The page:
Third year students at Ripon who wanted to live in college were given their own room and, of course, mine was back in the chaos that was Owen House. The only disadvantage was that I no longer had a record deck and was still making do with the cassette player and an old guitar amp. I made mix-tapes during the holidays to take back with me but missed the endless hours scrutinising the album cover of whatever album I was listening to at the time. In the Christmas holidays of 1979 I found out that the Ramones were touring in Britain and got hold of tickets to see them at the Top Rank in Sheffield in the coming February. Yes, at last!
When the day finally came, I drove four of us back home in my girlfriend’s car (a red Hillman Imp – she hadn’t passed her test yet) where we saw various parents before going to queue up outside the venue. Until they’d recently turned it into a music venue, the Top Rank had always been a night club of the type I never went to (smart-casually clothed disco dancing!) so I wasn’t really sure what to expect. The place was full of punks wearing bin liners with safety pins everywhere and milling around trying to look hard without spilling their pints. I was wearing my usual ripped jeans and donkey jacket and probably looked out of place but I didn’t care, I was going to see the Ramones! The place erupted when the band swaggered on stage.
“Hey, we’re the Ramones, this one’s called ‘Rockaway Beach’ take it dude!”
“One, two, three, four!”
There followed an ear-splitting, hundred-miles-an-hour barrage of crashing guitars and drums fronted by the lanky Joey leaning into the mic stand, singing with a fierce intensity I’d never seen before. The Top Rank thankfully has a balcony which we pretty quickly moved underneath to avoid the other barrage – that of pint glasses raining down on everyone below! Spitting at the band (or “gobbing” as people started calling it, though in Sheffield we’d always called it “flobbing”) was for some reason a punk’s sign of appreciation and there was initially plenty going on. However, when Johnny Ramone came to the front of the stage, stopped playing and threatened anybody who carried on, that he’d smash their heads in with his guitar, it soon stopped! Every song started with, “One, two, three, four!” Every song was short and played at break-neck speed. Every song was brilliant.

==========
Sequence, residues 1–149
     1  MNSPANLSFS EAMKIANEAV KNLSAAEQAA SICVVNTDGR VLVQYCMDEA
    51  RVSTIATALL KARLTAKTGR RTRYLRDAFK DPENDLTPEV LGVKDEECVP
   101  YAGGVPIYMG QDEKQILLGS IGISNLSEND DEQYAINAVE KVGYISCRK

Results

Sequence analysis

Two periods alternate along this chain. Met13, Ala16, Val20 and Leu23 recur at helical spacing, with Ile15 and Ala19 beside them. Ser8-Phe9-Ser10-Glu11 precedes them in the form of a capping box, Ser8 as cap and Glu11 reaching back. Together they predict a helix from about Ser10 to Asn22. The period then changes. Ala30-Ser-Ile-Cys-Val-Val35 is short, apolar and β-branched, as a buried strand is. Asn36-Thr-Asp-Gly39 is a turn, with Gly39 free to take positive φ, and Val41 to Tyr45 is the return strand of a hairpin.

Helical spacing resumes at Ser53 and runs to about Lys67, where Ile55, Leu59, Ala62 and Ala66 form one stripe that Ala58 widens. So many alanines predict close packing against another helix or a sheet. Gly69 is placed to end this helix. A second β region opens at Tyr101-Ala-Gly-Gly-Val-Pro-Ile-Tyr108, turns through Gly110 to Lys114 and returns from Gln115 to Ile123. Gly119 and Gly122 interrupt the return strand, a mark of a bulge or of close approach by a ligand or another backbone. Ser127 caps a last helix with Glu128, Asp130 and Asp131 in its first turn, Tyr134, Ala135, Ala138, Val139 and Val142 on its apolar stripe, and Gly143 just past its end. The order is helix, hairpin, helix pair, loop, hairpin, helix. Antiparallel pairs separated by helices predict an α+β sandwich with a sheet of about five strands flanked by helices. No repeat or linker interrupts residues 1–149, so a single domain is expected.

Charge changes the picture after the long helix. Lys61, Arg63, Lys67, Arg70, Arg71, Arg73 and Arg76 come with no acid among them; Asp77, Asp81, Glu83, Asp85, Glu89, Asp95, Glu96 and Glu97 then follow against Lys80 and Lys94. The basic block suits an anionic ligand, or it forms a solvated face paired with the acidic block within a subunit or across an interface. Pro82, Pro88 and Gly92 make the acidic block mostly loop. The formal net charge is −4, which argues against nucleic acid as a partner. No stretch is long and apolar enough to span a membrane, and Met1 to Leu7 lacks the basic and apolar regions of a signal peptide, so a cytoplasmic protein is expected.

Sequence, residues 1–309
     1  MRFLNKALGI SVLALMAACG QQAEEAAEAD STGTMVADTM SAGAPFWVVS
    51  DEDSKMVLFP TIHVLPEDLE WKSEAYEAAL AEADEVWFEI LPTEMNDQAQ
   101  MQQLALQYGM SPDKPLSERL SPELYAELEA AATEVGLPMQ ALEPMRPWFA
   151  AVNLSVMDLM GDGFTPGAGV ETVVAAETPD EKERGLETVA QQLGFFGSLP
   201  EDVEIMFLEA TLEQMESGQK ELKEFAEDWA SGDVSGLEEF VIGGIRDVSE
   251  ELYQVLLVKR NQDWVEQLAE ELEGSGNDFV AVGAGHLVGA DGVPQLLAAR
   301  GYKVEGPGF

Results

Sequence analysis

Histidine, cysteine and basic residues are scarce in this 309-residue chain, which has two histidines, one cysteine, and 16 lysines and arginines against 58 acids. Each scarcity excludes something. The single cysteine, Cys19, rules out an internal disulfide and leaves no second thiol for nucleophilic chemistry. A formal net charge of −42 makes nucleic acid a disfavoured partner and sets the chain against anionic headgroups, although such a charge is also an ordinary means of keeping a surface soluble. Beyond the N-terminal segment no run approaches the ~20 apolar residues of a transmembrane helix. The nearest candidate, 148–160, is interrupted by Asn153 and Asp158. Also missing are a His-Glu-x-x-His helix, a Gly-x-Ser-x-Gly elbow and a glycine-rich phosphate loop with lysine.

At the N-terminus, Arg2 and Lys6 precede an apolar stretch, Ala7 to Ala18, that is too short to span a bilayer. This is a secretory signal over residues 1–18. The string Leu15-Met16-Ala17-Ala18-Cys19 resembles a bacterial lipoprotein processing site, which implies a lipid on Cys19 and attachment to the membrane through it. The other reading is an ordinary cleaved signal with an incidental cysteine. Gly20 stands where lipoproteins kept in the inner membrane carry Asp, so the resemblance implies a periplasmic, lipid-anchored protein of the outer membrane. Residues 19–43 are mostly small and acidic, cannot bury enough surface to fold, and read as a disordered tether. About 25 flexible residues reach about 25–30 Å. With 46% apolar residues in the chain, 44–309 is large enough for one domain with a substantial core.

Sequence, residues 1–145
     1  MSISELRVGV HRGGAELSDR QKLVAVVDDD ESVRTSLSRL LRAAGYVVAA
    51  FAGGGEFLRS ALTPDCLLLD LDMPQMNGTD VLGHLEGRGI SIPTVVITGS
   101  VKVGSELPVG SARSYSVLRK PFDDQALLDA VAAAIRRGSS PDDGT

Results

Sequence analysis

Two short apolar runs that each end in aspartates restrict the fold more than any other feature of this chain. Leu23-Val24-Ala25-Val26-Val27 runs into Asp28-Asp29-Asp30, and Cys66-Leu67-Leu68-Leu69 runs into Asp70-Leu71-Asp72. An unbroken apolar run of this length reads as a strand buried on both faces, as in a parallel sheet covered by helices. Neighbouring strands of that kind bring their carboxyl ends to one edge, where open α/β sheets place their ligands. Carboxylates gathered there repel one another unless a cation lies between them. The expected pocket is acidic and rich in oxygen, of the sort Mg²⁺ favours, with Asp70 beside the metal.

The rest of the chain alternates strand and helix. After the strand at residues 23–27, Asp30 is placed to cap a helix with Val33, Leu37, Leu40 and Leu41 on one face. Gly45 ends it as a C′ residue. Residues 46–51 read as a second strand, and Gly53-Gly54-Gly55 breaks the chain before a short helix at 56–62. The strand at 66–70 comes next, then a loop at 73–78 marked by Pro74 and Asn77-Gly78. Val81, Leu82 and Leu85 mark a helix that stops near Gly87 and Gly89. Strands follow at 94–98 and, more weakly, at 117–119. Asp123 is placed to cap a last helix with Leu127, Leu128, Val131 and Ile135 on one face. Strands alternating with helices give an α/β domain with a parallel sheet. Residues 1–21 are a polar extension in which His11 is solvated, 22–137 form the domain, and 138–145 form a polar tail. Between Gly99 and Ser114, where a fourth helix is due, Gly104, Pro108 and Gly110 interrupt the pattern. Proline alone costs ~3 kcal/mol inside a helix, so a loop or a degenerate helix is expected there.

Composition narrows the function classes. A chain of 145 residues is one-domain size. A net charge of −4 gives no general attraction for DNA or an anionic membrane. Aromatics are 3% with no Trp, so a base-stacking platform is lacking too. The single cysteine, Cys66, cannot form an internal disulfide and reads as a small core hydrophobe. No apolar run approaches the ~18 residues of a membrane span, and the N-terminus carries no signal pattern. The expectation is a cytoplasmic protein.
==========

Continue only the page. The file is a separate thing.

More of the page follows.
Our journey back to college, in a different car, through steadily falling snow and breaking down at Selby Fork Services, culminated in us running out of petrol as we entered Ripon and having to walk the last mile or so back to college. But nothing could dampen the excitement I’d just been part of. I bought the album which had been out for a while, soon after the gig and it captured perfectly the thrill of the Ramones in person.
“It’s alive.” They were. I was.